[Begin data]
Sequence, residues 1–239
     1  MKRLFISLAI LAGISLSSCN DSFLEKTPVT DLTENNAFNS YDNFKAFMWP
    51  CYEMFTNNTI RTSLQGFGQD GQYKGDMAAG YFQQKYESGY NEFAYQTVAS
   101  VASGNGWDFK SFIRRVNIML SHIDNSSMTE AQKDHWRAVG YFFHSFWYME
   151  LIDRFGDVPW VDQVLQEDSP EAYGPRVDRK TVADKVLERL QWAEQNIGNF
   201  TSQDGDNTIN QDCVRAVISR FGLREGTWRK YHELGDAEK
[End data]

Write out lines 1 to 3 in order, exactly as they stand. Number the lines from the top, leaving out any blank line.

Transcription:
Sequence, residues 1–239
     1  MKRLFISLAI LAGISLSSCN DSFLEKTPVT DLTENNAFNS YDNFKAFMWP
    51  CYEMFTNNTI RTSLQGFGQD GQYKGDMAAG YFQQKYESGY NEFAYQTVAS